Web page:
I spent the last few days officiating a swim meet. As an official, I must judge the efforts of the swimmers, disqualifying the ones who do not follow the rules. Often when I observe my daughters’ swim practice, I see swimmers taking shortcuts and breaking the rules. Most of these same swimmers also break the same rules during swim meets, despite their efforts to swim clean races. Is there a connection? I believe so.
Swimming – and living – is much more about habit than it is about chance or revelation. The habits we allow ourselves to acquire on our normal days propel us through the extraordinary ones. At a time of stress – such as during an exciting race – these habits either carry us through to a good finish, or subject us to harsh consequences.
This is what I believe Jesus is speaking about in today’s Gospel.
“For I was hungry and you gave me food, I was thirsty and you gave me drink . . .”
Jesus is reminding us to pay careful attention to how we attend to the little things that occur during our normal day-to-day lives. Those are the times when we develop and solidify our spiritual habits. If we are not following the rules in the small things, how can we expect to have the courage to follow the rules when the stakes are higher?
The poor will always be with us. Most of us cannot make the slightest dent in the problem of poverty with our meager resources. However, we can do what today’s passage from Leviticus urges us to do: “Show neither partiality to the weak nor deference to the mighty, but judge your fellow men justly.”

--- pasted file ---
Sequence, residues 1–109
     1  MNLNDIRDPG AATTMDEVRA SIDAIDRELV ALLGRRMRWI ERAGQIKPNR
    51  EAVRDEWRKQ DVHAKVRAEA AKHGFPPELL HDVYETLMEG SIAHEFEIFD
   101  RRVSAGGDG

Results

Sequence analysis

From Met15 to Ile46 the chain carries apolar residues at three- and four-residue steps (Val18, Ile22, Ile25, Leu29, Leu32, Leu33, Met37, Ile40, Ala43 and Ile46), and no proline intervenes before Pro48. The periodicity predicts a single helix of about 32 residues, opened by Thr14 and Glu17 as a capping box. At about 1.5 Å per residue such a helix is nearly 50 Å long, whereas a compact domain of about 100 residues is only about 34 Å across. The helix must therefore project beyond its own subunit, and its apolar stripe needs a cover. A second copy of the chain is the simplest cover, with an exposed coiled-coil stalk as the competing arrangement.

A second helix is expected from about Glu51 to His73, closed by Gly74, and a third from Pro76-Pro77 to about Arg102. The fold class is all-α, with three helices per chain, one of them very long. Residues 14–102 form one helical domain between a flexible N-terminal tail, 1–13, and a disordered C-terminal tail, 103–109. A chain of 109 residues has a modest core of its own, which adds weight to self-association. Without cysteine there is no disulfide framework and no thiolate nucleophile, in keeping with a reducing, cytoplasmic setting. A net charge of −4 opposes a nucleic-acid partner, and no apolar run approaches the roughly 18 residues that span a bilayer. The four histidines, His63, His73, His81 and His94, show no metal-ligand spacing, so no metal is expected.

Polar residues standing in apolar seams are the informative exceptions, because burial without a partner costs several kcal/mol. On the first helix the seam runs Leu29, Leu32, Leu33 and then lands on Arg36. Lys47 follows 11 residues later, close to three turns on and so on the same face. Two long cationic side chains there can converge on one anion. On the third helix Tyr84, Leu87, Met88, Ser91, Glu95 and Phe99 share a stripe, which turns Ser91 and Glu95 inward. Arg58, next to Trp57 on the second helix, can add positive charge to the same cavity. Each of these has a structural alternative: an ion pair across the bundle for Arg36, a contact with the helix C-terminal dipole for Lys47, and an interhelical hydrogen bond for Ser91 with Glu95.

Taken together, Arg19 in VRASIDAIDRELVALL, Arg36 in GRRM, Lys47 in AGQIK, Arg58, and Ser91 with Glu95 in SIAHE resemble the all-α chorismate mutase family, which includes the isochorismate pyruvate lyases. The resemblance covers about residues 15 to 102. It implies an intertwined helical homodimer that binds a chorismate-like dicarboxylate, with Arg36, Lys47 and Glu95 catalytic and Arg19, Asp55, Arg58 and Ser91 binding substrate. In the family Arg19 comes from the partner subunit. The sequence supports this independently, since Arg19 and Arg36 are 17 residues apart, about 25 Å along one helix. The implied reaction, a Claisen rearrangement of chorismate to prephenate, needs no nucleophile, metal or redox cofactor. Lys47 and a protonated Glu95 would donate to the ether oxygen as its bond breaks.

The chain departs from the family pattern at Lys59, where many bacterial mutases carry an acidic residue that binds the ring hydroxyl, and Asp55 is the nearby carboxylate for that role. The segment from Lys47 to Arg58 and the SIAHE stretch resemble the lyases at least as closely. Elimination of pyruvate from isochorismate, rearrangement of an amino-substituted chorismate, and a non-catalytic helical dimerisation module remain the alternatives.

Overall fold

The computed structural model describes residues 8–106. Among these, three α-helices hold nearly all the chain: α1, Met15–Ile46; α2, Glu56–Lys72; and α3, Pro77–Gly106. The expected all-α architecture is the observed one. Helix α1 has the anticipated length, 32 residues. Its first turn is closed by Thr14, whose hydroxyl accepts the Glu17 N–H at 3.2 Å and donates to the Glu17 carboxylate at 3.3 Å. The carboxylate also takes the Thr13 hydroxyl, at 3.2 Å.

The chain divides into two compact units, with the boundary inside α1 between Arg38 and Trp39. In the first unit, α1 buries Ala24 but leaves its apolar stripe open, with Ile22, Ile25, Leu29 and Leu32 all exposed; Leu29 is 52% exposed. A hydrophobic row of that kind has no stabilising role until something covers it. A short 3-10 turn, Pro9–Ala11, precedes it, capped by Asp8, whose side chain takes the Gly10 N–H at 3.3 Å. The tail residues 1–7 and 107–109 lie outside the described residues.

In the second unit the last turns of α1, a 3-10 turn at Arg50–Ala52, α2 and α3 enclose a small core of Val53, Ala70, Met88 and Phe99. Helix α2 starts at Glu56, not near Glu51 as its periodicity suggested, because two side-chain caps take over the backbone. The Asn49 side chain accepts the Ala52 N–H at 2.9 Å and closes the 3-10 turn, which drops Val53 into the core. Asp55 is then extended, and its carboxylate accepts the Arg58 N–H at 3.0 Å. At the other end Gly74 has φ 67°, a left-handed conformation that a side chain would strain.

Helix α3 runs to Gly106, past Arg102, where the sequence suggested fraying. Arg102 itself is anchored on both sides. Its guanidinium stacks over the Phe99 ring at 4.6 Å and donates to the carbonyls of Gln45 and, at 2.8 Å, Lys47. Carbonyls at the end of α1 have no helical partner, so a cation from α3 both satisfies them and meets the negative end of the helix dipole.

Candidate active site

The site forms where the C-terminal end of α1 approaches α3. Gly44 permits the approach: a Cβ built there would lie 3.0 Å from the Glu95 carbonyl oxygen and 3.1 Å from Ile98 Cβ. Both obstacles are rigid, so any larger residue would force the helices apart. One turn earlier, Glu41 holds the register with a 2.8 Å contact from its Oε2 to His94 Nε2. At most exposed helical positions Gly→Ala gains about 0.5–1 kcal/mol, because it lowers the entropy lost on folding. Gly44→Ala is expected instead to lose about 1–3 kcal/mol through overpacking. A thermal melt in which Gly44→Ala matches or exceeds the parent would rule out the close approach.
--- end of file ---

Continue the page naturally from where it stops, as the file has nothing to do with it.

It’s easy to find the motivation to serve Jesus, once we have identified Him. Can we motivate ourselves to treat the beggar on the street corner with the same respect that we would surely offer to Jesus? This might mean buying the person a sandwich, if the occasion arises and it is safe and appropriate to do so. It might mean taking a moment to explain that you cannot help today but you wish the person well. It may mean just eye contact and a smile.
Our day-to-day encounters with the poor are opportunities for us to practice for that day when we have a face-to-face encounter with Jesus. If we have developed the right habits – those based on compassion, respect, and generosity – then we will have nothing to fear.
And . . . we might just discover – as Mother Teresa of Calcutta did – that we have been serving Jesus all along.
So today, let’s take a little time to examine our habits. Put the face of Jesus on the “least” of the people we encounter, and see if our habitual tendency is to feed Him or to starve Him, to clothe Him or to ridicule Him, to comfort Him or to provoke Him. If our habits are not to our liking, there is no better day than today to start new ones!
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